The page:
I asked whether or not there was a way for parents to be alerted to a song that is suitable for their kids to listen to.

“We are currently working on playlists that are more of the positive and uplifting type of music. Songs like ‘Good Morning,” by Olatunji … and it is all positive music – no kind of drinking or wining to the ground or anything like that, “ said Abay.

I think this is an excellent point because so often, people living abroad don’t feel connected, and to have someone in the Caribbean recommending a new song to someone living in say, the Netherlands, Hong Kong, or here in America is extraordinary.

We talked about what made Radial different from other apps.  I could tell that the creators LOVE music, and are connected to the artists who make it and the fans who enjoy it.

“We want it to be the case where artists and producers and the content creators have access to their fans and can make money from their music as well in a way that makes sense. We really want to stress that because it’s their craft and it’s their passion, and they take their time to basically give you an insight to their life and their story. We want to make sure that that’s highlighted on the app front and center. You know exactly who [the music] is coming from.”  ~ Abay

Now you know that I am definitely one that if I don’t have something nice to say, I don’t say anything at all – I may recommend some things, and just be silent on others.  We talked about why I don’t do music reviews much, if at all, you can read more about that in the interview on their blog.

Their response to that was that large numbers of reviews from various sources rather than just one or two reviews is helpful to the artists so that they can see what resonates with their fans and what doesn’t.

I think this is a great way of thinking of it for a targeted app like this, because when you already have people who love the genre, their review comes from the perspective of a consumer of that type of music. Getting a rating or review from someone who doesn’t like soca to begin with or who has never heard it, isn’t nearly as helpful as feedback from within the community.

Radial is still in the beta stages but is fully functional as a streaming service. Many of my favorite songs are already loaded (and often on repeat on my iPad).  

It is available on iTunes, and is a fast, light download – that was for those of you who have no patience for downloads like me. I have no patience for that at all.  I have an Android phone, but I have the app on my iPad. The creators have some exciting features planned for future releases, and I encourage you to download the app and try it out.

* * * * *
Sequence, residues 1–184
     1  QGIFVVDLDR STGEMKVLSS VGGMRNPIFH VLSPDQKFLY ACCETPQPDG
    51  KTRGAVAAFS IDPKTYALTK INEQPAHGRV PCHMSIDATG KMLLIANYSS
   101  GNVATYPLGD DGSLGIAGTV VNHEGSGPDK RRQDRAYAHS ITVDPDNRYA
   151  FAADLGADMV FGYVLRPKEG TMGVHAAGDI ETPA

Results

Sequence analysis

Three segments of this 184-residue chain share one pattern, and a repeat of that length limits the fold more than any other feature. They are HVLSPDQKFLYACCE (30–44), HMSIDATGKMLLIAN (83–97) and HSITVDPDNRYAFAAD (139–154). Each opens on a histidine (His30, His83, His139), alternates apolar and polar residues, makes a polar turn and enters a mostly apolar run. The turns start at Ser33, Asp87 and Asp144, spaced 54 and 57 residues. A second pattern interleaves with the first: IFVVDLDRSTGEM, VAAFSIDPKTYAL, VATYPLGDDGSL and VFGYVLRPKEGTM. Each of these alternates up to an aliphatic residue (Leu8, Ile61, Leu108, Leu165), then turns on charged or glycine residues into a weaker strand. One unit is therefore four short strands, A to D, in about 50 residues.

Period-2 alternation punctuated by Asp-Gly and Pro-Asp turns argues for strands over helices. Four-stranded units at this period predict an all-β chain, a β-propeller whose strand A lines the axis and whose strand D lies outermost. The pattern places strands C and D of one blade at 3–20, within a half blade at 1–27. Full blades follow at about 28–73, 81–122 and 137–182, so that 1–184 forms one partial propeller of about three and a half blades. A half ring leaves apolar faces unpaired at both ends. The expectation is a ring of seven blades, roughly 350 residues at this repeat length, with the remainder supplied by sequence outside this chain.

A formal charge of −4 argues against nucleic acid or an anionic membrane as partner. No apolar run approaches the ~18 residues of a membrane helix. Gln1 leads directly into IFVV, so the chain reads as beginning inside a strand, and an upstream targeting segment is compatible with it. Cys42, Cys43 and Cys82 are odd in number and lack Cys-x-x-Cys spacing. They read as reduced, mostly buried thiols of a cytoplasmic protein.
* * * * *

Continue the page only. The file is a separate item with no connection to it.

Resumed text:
(I talked with Andre and Abay about SocaMom and why family friendly soca is important to me. Click here to check out the interview.)

What’s next for Radial? Social Music. “As Caribbean people, we discover music through our friends, family, DJs. Our Social feature will help you discover new music through the people you follow. Comment, like and share Soca music with other Socaholics.”

While I was excited by the concept of Radial, I am most impressed with the people behind this app. Andre is a dad who loves soca, but still isn’t ready to hear his three year old sing, “shake that bubblenut.” It’s okay to laugh.  I did. Abay is a former DJ, who lives and breathes soca music. The two met at Morehouse college.

About Andre and Abay:

Andre Thomas is cultivating his entrepreneurial instincts as the cofounder of Radial. He is passionate about music and mathematics. Besides that he is a husband, father, Canuck, Trini and Gooner (fan of Arsenal Football Club). He also loves books by Agatha Christie. Follow him on twitter at @dre7413.

Abay Israel has 10 years of experience as Research Area Specialist and Program Manager for the Resource Center for Minority Data at the Inter-university Consortium for Political and Social Research (ICPSR). He holds a Master's Degree in Applied Economics from the University of Michigan and is a Phi Beta Kappa graduate of Morehouse College where he majored in Mathematics and Economics. He also served as a Caribbean DJ (radio and mobile) both back in his home country Trinidad and Tobago and in the United States for over 15 years.

Get to know them and more about soca  music on the company blog, follow them on Twitter, follow on Instagram, and become a fan on Facebook. 

Radial on Facebook: http://www.facebook.com/RadialMusic

Radial on Twitter: http://www.twitter.com/Radialtt

Radial on Instagram: http://www. instagram.com/RadialMusic

Visit their website: http://getradial.com/

Get Radial on iTunes: https://itunes.apple. com/us/app/radial-redefine- radio/id1119385750

(I talked with Andre and Abay about SocaMom and why family friendly soca is important to me. Click here to check out the interview.)